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To paraphrase an old song, “What the World Needs Now Is …” a vaccine and/or treatment for COVID-19. We are all so ready to get back to living pre-pandemic lives.

While multiple COVID-19 research facilities previously indicated that one or more vaccines could be available by the end of 2020 or in early 2021, recent announcements by the White House said that such vaccines could be available just before the election. That would be fantastic, but the most important aspect of any new vaccine is its safety and efficacy, not political credit. If it takes more time to make sure the vaccines are absolutely safe, we’ll wait. Americans should insist that the Food and Drug Administration (FDA) follows Dr. Frances Kelsey’s model.

Many people are not familiar with my personal hero, Dr. Kelsey, who died in 2015 at age 101. I am indebted to her for ensuring my family’s healthy happy life. Let me explain.

Dr. Kelsey, Ph.D., M.D., went to work at the FDA in 1960. Her job was to review new drug applications and certify their safety. A Cincinnati company manufactured the drug Thalidomide and was anxious to get it approved in the U.S. It was being used in more than a dozen countries for insomnia, anxiety and especially “morning sickness” in pregnancy.

For a year and half, Dr. Kelsey demanded specific information from the manufacturer to evaluate Thalidomide; she wanted only “scientifically reliable evidence.” The company, anxious to increase sales, put pressure on the FDA and called Dr. Kelsey “a bureaucratic nitpicker” because she would not approve the drug rapidly enough to suit their business plans.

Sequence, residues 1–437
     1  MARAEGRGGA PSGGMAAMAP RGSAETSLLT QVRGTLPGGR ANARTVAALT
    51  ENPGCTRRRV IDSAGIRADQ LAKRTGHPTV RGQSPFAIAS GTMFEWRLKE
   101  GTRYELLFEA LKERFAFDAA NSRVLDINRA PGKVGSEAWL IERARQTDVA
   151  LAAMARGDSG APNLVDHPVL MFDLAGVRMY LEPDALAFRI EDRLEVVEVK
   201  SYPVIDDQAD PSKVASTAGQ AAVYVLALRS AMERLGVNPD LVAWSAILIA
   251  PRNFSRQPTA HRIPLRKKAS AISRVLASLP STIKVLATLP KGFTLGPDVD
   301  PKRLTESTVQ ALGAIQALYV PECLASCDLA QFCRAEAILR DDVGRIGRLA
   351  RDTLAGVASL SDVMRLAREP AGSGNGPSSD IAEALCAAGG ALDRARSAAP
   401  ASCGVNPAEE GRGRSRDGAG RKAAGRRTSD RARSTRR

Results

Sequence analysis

Thalidomide would have hit the U.S. market about 1962, at which time I was pregnant with our first child. My “morning sickness” was extreme, lasting 24/7. Never had food looked, smelled or tasted so bad. Had a pill for morning sickness been available in this country in 1962, it likely would have been prescribed for me. Thanks to Dr. Kelsey, it was never approved.

Our son was born healthy with perfect arms and legs. But thousands of women around the world who took Thalidomide weren’t so fortunate. Their newborns were missing parts of and sometimes their whole arms and legs because Thalidomide interfered with the development of those appendages in utero.

As someone who grew up in the days of polio epidemics, mumps, measles and chickenpox, I truly appreciate safe effective vaccines. Flu, pneumonia and shingles vaccines also have done wonders for our nation’s health. But some vaccines when rushed out, such as the one for the 1976 swine flu, cause problems.

It is the FDA’s job to make sure that medicines and medical treatments offered to the American public are safe and appropriate for the disease. The world desperately needs a safe, effective COVID-19 vaccine. Yet, it even more desperately needs an FDA with Dr. Kelsey’s ethics and courage to make sure that no politician, entrepreneur or investor calls the shots.

Diane W. Mufson is a retired psychologist and a regular contributor to The Herald-Dispatch Opinion page. Her email is dwmufson@comcast.net.